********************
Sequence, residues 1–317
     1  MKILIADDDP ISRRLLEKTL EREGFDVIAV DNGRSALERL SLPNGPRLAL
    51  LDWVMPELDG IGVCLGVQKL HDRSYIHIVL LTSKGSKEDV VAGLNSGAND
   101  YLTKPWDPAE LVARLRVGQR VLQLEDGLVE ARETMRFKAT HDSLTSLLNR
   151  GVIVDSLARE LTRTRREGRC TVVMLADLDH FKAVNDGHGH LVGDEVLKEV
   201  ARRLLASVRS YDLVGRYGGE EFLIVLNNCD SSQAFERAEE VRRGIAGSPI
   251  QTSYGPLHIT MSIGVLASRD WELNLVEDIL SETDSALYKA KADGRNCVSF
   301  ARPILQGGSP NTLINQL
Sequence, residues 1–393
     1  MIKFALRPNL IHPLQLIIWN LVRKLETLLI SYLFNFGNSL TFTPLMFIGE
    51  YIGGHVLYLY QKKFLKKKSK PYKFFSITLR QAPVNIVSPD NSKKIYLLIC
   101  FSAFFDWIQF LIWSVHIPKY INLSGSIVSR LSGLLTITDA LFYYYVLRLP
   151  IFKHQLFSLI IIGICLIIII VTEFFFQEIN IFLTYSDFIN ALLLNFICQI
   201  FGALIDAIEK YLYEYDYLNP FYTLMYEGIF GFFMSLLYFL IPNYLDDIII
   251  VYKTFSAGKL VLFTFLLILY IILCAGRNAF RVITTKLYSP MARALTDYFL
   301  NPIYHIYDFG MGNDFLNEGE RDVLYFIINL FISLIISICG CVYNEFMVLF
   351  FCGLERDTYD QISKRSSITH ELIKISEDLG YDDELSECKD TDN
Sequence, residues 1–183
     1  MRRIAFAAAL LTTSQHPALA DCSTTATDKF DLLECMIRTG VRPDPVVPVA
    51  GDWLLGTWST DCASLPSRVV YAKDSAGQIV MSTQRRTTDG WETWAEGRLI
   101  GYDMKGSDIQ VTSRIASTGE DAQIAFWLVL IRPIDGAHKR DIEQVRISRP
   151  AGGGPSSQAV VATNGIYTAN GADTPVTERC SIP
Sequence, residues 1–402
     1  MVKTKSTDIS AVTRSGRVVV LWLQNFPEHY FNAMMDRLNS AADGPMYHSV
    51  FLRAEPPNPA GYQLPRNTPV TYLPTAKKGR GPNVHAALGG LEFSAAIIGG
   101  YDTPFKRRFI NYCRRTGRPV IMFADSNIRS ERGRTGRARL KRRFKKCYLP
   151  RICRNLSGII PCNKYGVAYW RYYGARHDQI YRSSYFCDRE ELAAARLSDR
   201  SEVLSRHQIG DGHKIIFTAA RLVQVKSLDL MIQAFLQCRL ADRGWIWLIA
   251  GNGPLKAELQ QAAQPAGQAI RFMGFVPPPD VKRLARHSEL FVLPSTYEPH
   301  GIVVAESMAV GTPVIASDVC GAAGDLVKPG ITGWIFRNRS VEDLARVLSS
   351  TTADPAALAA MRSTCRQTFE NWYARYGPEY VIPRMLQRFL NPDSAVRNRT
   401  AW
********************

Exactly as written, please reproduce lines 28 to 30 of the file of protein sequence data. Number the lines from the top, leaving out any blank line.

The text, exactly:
   201  SEVLSRHQIG DGHKIIFTAA RLVQVKSLDL MIQAFLQCRL ADRGWIWLIA
   251  GNGPLKAELQ QAAQPAGQAI RFMGFVPPPD VKRLARHSEL FVLPSTYEPH
   301  GIVVAESMAV GTPVIASDVC GAAGDLVKPG ITGWIFRNRS VEDLARVLSS